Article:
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California Bill Could Make State the First to Offer College Credit for Online Courses

March 13, 2013

California college students struggling to get access to impacted courses may soon have an alternative to waitlists. One state lawmaker is scheduled to introduce a bill today that would require California colleges and universities to give credit for classes that students take online when they are unable to enroll in a campus class.

According to The Wall Street Journal, California pro tem Senate president Darrell Steinberg plans to propose the bill, which would make the state the first in the nation to grant system-wide credit to college students who complete an online course. Steinberg hopes that the bill will help students graduate on time, an issue that the state has been struggling with as state funding continues to get cut.

“…No college student in California will be denied the right to move through their education because they couldn’t get a seat in the course they needed,” said Steinberg in The New York Times. “That’s the motivation for this.”

As Steinberg pointed out, thousands of students have been denied access to necessary classes due to budget cuts. These cuts to funding have left public higher education systems with limited resources. As a result, many students end up spending extended time in college, waiting to get into classes they need in order to graduate. The problem is particularly acute in the state of California where, on average, 7,000 enrolled students are placed on waiting lists at each of the state’s 112 community colleges. Furthermore, at the 23-campus state university system, just 16 percent graduate on time, partly due to difficulties enrolling in classes they need.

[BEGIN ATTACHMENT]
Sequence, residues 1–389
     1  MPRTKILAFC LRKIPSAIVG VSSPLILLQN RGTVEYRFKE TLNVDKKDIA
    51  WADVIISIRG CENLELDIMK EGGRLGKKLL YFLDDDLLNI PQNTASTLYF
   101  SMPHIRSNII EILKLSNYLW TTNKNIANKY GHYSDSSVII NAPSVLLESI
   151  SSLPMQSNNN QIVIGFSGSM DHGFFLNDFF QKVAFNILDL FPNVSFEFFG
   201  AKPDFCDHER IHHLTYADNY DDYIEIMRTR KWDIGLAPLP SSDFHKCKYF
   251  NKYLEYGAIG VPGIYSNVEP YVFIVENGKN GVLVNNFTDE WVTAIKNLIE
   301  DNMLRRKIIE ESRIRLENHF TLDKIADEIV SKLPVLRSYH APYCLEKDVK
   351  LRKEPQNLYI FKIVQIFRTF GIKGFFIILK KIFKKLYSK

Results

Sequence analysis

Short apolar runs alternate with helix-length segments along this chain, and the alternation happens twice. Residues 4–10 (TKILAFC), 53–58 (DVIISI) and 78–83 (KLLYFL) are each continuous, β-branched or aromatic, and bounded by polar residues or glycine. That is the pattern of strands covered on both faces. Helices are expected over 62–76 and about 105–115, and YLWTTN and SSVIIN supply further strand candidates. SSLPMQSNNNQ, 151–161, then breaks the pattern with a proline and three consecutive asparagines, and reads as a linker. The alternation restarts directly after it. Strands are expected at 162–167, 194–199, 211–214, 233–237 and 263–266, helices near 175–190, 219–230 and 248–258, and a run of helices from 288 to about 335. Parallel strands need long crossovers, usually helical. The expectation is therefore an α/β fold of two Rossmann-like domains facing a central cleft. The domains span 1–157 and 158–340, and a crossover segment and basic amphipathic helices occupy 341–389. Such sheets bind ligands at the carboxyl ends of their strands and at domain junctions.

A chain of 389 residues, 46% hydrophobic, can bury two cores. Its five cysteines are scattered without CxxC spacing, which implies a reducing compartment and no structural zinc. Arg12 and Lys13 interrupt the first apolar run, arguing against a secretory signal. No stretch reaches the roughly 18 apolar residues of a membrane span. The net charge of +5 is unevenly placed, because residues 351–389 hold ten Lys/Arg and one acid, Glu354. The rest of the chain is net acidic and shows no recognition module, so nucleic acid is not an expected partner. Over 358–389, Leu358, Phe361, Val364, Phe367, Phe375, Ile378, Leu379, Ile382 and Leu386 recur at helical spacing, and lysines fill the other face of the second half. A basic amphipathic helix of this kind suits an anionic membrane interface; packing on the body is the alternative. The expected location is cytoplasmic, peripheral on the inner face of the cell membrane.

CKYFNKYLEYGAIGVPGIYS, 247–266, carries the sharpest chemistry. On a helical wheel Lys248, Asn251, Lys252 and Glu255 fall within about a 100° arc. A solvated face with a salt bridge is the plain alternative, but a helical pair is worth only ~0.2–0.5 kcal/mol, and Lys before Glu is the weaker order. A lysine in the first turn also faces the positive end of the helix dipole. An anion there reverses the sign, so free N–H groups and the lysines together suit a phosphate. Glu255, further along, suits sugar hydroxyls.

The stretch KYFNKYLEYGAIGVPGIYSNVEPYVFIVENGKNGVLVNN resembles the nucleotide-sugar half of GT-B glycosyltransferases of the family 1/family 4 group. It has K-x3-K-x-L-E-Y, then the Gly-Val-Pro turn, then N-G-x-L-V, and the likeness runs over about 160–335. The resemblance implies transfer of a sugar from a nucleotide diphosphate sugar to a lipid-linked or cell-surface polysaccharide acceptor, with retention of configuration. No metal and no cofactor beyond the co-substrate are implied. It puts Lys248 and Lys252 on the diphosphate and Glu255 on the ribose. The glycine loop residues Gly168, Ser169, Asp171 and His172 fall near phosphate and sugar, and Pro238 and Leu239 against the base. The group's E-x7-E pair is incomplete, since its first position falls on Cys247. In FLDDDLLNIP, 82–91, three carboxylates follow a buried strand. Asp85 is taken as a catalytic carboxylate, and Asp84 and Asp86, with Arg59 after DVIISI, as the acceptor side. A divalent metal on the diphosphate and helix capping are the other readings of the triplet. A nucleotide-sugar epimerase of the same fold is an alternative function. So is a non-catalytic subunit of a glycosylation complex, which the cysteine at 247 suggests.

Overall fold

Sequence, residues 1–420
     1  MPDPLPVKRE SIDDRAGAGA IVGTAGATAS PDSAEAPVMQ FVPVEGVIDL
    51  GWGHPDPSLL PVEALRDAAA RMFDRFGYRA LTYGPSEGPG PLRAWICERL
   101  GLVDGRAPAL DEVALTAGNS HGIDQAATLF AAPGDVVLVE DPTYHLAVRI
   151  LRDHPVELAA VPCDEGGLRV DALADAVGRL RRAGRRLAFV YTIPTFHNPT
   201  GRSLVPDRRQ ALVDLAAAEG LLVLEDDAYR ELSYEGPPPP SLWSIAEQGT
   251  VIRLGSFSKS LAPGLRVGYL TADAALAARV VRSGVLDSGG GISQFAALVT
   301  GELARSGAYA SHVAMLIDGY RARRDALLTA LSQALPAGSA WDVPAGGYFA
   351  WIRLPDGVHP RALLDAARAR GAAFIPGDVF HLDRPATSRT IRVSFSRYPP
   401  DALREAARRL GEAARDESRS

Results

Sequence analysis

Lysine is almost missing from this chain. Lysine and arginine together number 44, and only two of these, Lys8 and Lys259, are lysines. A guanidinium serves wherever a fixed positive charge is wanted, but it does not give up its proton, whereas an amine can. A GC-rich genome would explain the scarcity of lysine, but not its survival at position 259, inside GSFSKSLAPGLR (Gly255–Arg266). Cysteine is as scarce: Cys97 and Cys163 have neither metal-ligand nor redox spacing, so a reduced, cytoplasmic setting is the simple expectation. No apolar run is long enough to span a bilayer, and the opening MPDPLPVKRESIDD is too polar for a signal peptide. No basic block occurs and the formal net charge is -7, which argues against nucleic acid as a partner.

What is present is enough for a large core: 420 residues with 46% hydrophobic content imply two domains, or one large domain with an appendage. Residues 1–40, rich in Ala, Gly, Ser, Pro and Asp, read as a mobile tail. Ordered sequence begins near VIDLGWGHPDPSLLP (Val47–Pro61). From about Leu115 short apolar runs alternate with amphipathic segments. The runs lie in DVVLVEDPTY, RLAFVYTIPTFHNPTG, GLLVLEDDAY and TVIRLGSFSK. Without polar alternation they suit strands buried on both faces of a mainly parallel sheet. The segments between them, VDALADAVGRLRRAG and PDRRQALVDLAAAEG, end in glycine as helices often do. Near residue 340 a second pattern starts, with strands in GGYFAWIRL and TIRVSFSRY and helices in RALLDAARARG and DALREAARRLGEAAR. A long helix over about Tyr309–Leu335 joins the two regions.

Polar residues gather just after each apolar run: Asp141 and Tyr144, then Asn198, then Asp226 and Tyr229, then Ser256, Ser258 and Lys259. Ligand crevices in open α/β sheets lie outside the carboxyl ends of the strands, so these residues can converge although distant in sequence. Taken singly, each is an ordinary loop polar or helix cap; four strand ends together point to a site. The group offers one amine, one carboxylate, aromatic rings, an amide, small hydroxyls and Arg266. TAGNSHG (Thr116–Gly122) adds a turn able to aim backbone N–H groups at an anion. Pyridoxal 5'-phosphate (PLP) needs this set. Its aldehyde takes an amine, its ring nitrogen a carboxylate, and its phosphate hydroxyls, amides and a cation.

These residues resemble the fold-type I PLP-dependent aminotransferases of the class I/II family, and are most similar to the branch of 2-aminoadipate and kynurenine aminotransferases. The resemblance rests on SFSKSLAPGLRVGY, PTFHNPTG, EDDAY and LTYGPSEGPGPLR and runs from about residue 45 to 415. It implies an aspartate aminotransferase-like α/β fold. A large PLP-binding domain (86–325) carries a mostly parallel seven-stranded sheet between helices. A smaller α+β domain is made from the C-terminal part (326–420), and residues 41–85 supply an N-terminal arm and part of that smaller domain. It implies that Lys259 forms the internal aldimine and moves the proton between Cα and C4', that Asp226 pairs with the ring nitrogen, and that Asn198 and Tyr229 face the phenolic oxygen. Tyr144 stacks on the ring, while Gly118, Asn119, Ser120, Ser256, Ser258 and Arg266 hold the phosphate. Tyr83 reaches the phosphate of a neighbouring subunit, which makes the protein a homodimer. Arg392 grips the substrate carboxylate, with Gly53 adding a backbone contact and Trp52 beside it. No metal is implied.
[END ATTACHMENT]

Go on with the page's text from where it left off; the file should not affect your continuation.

“It’s almost unthinkable that so many students seeking to attend the public colleges and universities are shut out,” commented Molly Corbett Broad, the president of the American Council on Education, in The New York Times.

Under the proposed bill, potential alternatives to overenrolled campus classes could include free MOOCs from providers such as Coursera, edX and Udacity, as well as online classes from companies such as Straighterline or Pearson. Though the bill would allow students to take and receive credit for such third party courses, students can only do so if the course is full at their home institution and the school does not offer an online version.

According to The New York Times, a panel of faculty from each California college system would select 50 introductory classes that are most impacted and determine which online versions would be the equivalent alternatives for credit. The panel would take into consideration factors such as proctored exams, use of open-source texts and whether the online class has been recommended by the American Council on Education (ACE). So far, ACE has recommended 5 Coursera MOOCs for college credit. San Jose State University also recently partnered with Udacity to launch a program that would grant college credit for 3 introductory courses offered through Udacity.

The move is significant within higher education, an industry that is often reluctant to change.

“This would be a big change, acknowledging that colleges aren’t the only ones who can offer college courses,” said Burck Smith, founder of Straightline. “It means rethinking what a college is.”

Though many higher education leaders are supportive and optimistic of the proposal, some expressed concerns.

“This whole online thing is not well-vetted yet,” argued Lillian Taiz, president of the California Faculty Association, in The New York Times. Taiz went on to say that the legislation fails to address the root of the problem—severe budget cuts.

In a similar vein, according to Inside Higher Ed, Coursera co-founder Andrew Ng who supports the legislation, pointed out that the bill should not be used to hire fewer teachers.

In The New York Times, Timothy P. White, chancellor of the CSU system, best described the problems that may soon lie ahead, if the bill is passed: “We need innovation, but we also need quality, and the devil’s in the details.”


Compiled by Heidi M. Agustin

Sources:

“California Bill Seeks Campus Credit for Online Study,” nytimes.com, March 12, 2013, Tamar Lewin

“Outsourcing Public Higher Ed,” insidehighered.com, March 13, 2013, Paul Fain and Ry Rivard

“Push to Widen Online Study in California,” online.wsj.com, March 12, 2013, Douglas Belkin and Jim Carlton

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